- You can plan social media organic and paid campaigns for 8-12 weeks following the event to keep capturing new contacts, non-aggressively, with highly-valuable content, expert interviews and customised e-book, etc. The highest ROI I experienced was a sponsored LinkedIn InMail sent from one of our highest representative suggesting the download of post-report e-book to a pre-determined audience, mostly targeting personas of a relatively high level of seniority interested in the topic of industry digitisation. It resulted in open rates close to 50%. We were not selling them anything, just sharing with them some customised and real content based on an actual event, which allowed us to generate some positive proximity with them and potentially recruit them for the next edition of the event.
- Creation of photo albums published on social media: purely brand awareness-oriented, but always very attractive for people who attended the event.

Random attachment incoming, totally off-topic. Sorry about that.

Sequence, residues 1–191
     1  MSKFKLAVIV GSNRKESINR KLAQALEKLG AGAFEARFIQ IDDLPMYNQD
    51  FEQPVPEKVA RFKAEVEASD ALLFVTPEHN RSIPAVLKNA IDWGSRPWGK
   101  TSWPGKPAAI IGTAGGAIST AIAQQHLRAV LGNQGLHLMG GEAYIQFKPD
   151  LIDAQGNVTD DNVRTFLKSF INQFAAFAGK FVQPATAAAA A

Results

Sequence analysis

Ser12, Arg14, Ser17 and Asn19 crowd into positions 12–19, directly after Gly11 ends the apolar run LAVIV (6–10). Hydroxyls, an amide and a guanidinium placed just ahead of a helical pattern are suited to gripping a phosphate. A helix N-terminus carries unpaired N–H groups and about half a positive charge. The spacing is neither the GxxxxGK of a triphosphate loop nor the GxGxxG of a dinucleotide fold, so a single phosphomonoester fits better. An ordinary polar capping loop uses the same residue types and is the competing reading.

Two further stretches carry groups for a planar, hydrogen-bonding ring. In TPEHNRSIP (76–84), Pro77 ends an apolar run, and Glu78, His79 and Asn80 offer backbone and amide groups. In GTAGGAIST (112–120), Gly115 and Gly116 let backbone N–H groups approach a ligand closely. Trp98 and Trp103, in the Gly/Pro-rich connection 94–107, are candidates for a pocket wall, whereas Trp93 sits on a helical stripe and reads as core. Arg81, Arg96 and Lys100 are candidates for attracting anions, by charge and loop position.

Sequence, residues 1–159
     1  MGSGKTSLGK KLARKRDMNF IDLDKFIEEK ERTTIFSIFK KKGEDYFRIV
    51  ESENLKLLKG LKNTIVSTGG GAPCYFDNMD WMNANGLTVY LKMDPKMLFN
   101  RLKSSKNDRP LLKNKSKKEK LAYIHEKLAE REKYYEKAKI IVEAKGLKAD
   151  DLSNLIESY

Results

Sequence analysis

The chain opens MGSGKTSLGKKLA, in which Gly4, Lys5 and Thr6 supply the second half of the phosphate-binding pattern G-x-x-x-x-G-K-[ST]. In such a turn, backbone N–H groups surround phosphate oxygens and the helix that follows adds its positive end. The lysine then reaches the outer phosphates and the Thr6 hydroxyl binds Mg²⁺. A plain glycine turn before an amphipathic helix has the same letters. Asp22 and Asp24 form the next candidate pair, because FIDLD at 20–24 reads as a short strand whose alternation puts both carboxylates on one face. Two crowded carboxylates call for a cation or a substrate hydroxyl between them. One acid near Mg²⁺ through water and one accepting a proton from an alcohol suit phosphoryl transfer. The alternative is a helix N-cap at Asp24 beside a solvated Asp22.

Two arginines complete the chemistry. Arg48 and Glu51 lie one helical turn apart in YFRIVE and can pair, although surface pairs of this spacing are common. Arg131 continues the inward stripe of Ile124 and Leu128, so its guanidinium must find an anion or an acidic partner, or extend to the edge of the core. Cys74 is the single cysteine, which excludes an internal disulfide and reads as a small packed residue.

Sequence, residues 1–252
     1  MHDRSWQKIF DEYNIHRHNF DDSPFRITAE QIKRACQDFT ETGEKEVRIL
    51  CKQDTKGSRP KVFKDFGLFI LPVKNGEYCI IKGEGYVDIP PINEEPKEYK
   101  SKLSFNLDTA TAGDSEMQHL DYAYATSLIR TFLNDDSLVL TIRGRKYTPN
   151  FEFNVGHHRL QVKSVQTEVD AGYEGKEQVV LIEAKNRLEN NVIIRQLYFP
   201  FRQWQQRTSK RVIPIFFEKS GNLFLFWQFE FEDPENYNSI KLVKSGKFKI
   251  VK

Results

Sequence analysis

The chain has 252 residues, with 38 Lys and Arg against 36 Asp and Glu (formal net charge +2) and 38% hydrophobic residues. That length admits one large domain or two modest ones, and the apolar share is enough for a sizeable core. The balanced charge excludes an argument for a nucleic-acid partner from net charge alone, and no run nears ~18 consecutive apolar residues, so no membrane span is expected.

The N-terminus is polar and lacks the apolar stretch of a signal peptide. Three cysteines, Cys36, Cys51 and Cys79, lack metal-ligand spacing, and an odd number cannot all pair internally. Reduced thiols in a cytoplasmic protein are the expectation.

- Use video SEO as a source of inbound leads. Turn your plenary sessions video replays, your interviews, and anything your captured during the event into textual content which you will be able to repackage under different assets to suggest to your audience (blogs, white papers, short use cases, etc).
- Create infographics out of all the precious data you will have gathered in all the content you captured during the event (quote, key numbers, etc).
- Repackage e-books by topic based on the interviews you got during the event for instance.
- Finally, you can use the replay to target specific segments of your client/prospect database and keep positioning yourself as an expert. For example, target all the automotive third-party companies by email and suggest them to watch the replay of a major automotive part supplier talking about their digital processes transformation.
Think of any sort of marketing asset you can repackage to target difference audiences, on different channels, at different period of the year. You need to extract any drop of juice from the content you create. Stop believing people actually see the content you post. If you do all this, the frustration of having created a brilliant asset not seen by anyone will disappear. What you need is not a content marketing creation plan, but a content marketing creation and activation plan, a matrix system which allows you to make the best use of your content.